[et_pb_section fb_built=”1″ _builder_version=”3.0.47″][et_pb_row _builder_version=”3.0.48″ background_size=”initial” background_position=”top_left” background_repeat=”repeat”][et_pb_column type=”4_4″ _builder_version=”3.0.47″ parallax=”off” parallax_method=”on”][et_pb_text _builder_version=”3.0.74″ background_size=”initial” background_position=”top_left” background_repeat=”repeat”]When you became a manager, who forgot to tell you that your job changed? It happens a lot. You take on a new role, a new promotion, the new pay raise, and suddenly you find out that your new job as a manager is to stop what you did really well that got you the promotion, and now you must take care of people instead. What?! For many, if they had known that, they would have found some other way to get promoted.
In today’s world of expertise versus leadership, those who detest dealing with other people, not to mention leading them, know to choose working in an organization that is either flat or will allow them, instead, to grow in their field of knowledge. For those who aspire to lead, however, know that becoming a manager is a strong position. They don’t know, however, when to start taking care of their people.
When to start caring about people:
Now! Regardless of what you do, if you aspire to lead: start now. You don’t want people to be surprised (in a bad way) that you’ve been selected to be a new manager. You want those you know you to expect that you would not only be a good fit, but be highly successful within the position, even before the opportunity appears. To do that, you need to start evaluating how well you do the following:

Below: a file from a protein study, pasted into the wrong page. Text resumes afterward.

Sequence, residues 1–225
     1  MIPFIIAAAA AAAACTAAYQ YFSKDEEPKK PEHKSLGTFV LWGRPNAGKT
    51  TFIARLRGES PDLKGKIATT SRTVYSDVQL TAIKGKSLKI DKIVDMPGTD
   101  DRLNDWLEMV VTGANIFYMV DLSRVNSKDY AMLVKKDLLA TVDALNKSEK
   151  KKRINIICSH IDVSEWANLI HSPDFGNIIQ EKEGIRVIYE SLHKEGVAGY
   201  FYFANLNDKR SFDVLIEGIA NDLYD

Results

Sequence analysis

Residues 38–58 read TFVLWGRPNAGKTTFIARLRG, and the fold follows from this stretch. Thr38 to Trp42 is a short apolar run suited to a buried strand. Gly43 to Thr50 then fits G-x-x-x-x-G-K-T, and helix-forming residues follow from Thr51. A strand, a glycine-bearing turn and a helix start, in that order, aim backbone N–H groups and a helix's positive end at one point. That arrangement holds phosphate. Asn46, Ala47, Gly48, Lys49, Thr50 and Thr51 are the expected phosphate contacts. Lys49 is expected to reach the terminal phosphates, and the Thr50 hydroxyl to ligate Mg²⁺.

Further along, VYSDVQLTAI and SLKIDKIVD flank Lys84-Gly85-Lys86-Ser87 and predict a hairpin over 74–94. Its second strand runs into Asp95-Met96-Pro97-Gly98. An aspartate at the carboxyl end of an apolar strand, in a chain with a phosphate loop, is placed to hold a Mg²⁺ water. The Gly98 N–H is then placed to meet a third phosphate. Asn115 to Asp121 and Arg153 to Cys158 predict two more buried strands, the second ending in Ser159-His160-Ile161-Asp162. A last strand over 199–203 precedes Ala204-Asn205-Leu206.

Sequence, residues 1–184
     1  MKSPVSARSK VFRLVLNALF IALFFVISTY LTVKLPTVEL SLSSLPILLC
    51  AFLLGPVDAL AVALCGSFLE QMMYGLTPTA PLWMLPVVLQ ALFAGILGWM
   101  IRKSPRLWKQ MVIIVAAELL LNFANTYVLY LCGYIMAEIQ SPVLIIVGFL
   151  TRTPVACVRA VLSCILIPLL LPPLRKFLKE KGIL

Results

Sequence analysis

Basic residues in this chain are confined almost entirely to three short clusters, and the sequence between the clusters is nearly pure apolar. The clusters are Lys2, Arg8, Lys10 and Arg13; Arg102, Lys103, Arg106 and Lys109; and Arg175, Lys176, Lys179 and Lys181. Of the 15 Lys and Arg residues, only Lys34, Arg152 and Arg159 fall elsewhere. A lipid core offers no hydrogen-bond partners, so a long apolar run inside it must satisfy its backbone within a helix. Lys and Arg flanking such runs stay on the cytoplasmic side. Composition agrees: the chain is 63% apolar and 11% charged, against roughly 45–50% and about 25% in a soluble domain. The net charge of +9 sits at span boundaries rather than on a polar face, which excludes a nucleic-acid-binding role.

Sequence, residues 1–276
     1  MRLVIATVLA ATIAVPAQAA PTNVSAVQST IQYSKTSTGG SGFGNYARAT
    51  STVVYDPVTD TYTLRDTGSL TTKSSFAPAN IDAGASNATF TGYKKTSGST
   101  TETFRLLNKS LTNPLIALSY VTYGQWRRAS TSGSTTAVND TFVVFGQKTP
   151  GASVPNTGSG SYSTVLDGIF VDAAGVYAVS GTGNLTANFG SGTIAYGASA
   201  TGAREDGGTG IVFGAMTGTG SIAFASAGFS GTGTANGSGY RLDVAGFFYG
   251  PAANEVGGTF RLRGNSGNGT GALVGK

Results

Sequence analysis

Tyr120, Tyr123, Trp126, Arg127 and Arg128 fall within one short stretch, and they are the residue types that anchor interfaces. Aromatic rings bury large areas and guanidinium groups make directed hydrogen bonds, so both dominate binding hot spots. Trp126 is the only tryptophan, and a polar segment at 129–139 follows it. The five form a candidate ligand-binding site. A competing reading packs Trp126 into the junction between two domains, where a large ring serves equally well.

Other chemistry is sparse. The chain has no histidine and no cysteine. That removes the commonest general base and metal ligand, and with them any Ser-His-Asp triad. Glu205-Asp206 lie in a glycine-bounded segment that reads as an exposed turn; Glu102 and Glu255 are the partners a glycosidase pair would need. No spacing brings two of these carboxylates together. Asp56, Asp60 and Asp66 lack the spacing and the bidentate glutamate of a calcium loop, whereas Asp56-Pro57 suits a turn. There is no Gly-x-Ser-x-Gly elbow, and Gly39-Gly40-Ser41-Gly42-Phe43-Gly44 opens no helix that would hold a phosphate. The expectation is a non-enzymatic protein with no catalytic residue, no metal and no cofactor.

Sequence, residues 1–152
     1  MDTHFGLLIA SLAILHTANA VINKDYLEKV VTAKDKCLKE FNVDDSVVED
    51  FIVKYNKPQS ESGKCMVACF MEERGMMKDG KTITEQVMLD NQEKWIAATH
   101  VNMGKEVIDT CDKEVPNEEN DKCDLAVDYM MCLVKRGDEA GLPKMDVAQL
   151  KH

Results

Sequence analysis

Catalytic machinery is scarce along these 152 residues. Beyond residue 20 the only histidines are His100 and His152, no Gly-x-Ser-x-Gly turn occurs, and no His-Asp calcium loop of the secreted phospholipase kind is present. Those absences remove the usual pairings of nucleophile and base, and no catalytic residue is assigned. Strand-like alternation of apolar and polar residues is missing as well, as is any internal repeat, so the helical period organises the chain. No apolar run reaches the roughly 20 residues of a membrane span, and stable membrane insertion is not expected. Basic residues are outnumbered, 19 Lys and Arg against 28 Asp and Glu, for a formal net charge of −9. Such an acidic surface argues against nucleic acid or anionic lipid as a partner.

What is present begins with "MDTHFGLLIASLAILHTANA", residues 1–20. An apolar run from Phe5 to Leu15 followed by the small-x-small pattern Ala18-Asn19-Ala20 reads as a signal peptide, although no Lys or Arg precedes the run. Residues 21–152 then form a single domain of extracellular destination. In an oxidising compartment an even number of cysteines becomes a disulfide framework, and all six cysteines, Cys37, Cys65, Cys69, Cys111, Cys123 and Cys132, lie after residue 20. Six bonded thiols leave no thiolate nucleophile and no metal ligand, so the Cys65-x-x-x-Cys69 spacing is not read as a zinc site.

- Understand how to communicate what people do specifically in relation to the larger organization goals and purpose.
- Understand how to find out what motivates each individual you currently work with.
- Understand how to look at performance (instead of the inner office politics) of those around you to understand who should be moving up in their responsibilities and career.
- Look at the talent that is getting maximized versus the talent that is being marginalized – and speak up about it.
- Look ahead and try to foresee what challenges or hurdles may affect your department or team. Start to understand how to prepare for those potential events and dig deeper into how to help others do the same.
Your future employees will find you to be a successful manager. Your current co-workers will benefit from your leadership and understand why you are selected. Your supervisors will have an easier time selecting you as you are already exhibiting the 5 characteristics of the best managers (according to current Gallup research).
What do your employees want from you?
- To be able to trust that you care and know that you have their back.
- To know that you are compassionate and can understand when they need to be treated like a human being rather than a machine.
- To experience a stable work environment where negative surprises are minimized, and positive surprises are welcome. As well as an environment where you communicate all the details possible to help them be successful.
- To feel hope in the progress of their careers and their organization.
Be recognized now.
The best managers – both now and in the future – tend to also be the best brand ambassadors for the organization and know their strengths.
As a brand ambassador, true leaders are the best advocates of what the company produces, the most engaged with coworkers, and have the deepest understanding of the outreach the organization supports.
Knowing their strengths allows these “best managers” to know where they thrive, where they do not, and how to pull in coworkers to round out their teams for the elevated success of all involved.
No leader is well-rounded; their teams are. Start understanding your strengths now.
So, get involved. Know what you company does; know what you do well; and work as if your career depends upon it.
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